Although Eva is firmly settled with her 12-year-old daughter Audre in Brooklyn and the popularity of her books has faded from mainstream appeal to niche fandom, while Shane's star continues to rise even as he avoids public appearances and takes short-term private school English teaching positions to fund his purposely-transient lifestyle, the pair actually has a lot in common. Both are now 32 years old. Both never knew their fathers. Both have illnesses that make them feel abnormal (chronic migraines for her, alcoholism for him). Both are authors who unexpectedly achieved massive success in their late teens/early twenties and are now at a crossroads in their careers. (Should Eva let producers whitewash the movie adaptation of her Black vampire erotica series so she can have continued financial stability? Is it worth it for her to meet the deadline for her next book in said erotica series that she's tired of writing, or should she focus on her dream book about her imperfect and indomitable Creole foremothers? Shane wrote all four of his bestsellers while he was drunk; can he even write anymore now that he's sober?) Both also used to self-harm in their youth. Speaking of which, Eva and Shane first met as 12th graders in Washington, D.C., where they interacted with each other for all of a week in June 2004. Shane was selling drugs at the time, and a fight at school led him and Eva to hide out for days in a mansion that one of his clients gave him access to. They spent that week doing drugs, sleeping, cuddling, having sex, committing petty crimes, and bonding over shared secrets until Eva's mom eventually showed up and Shane—who'd promised never to abandon Eva—was nowhere to be found. Or at least, that's how Eva remembers things.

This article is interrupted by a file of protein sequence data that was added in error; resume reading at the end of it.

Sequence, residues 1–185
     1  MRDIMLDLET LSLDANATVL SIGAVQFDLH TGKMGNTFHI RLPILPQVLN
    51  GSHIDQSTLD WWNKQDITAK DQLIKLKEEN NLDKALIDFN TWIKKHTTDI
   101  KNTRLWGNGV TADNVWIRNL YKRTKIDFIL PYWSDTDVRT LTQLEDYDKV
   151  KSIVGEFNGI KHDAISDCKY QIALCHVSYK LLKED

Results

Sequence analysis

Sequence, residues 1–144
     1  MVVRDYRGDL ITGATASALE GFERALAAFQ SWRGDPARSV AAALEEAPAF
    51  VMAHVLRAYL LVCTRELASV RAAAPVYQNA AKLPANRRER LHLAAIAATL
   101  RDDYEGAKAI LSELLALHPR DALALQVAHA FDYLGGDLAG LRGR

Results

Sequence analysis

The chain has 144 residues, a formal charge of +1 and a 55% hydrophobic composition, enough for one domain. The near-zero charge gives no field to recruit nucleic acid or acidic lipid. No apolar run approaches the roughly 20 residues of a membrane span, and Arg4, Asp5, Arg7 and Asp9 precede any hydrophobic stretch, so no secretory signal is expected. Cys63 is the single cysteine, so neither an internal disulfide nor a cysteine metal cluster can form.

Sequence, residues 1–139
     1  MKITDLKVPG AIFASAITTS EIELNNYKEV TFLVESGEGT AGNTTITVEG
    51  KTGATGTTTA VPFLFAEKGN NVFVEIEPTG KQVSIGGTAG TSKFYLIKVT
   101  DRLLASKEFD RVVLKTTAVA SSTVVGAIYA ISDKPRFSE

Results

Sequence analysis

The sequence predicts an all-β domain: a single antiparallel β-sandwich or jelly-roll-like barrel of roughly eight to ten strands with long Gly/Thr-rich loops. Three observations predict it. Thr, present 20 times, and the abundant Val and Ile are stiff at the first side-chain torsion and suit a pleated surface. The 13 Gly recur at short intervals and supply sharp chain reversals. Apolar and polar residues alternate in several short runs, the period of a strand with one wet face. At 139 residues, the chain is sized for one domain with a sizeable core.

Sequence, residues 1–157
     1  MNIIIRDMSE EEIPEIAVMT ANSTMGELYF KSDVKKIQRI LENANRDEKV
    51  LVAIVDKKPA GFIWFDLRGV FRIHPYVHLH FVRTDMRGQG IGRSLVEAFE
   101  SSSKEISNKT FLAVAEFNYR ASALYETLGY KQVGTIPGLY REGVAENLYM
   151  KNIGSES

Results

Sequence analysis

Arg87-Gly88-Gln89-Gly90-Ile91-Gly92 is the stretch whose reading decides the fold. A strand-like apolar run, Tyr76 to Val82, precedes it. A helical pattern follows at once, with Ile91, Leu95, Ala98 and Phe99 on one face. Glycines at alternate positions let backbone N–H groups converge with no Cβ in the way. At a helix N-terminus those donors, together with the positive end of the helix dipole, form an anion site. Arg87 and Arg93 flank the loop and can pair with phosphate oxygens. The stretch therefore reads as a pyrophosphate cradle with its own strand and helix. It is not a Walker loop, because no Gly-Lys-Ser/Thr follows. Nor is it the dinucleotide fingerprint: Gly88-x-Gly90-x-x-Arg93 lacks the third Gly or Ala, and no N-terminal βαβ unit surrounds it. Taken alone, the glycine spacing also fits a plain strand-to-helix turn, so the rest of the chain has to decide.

Despite never seeing each other after their teenage tryst, it's clear that these lovers wrote their breakthrough books about each other. "Sebastian", the hot, bronze-eyed Black vampire who's the male love interest in all 14 books of Eva's Cursed series, is based on Shane. "Eight", the depressed young Black girl from the hood who's the main character in all four of Shane's novels, is based on Eva. They were each other's inspirationsmuses, if you willand they used their books to communicate with each other through years of separation whether they realized it or not. In June 2019, when Eva's bougie, lovingly-nosy mother hen of a book editor (Cece) ropes her into being a panelist at the aforementioned book event in Brooklyn, Shane shows up and tries to be low-key until Cece forces him to come on stage. After the initial shock from that encounter wears off, Eva tries to rush Shane out of New York (and out of her life forever), and Shane is likely to leave soon anyway. But when Audre gets in trouble at her fancy private school and the only way to maintain her enrollment is for Eva to convince THE famous Shane Hall to teach English there during the next school year, Shane suddenly has a reason to stay in New York. More importantly, he and Eva have an excuse to reconnect over the week that follows (even as Eva's reluctant to hope that their relationship will last this time). So the title Seven Days in June refers to their intense, messy, undeniable interactions as both teens in 2004 and as slightly more mature adults in 2019. Points of view alternate by chapter (or even within the same chapter) between Eva, Shane, Audre, Cece, Eva's mother Lizette, and even Shane's young mentee Ty, but the vast majority of the book is written from Eva and Shane's perspectives, and overall Eva gets more attention than Shane.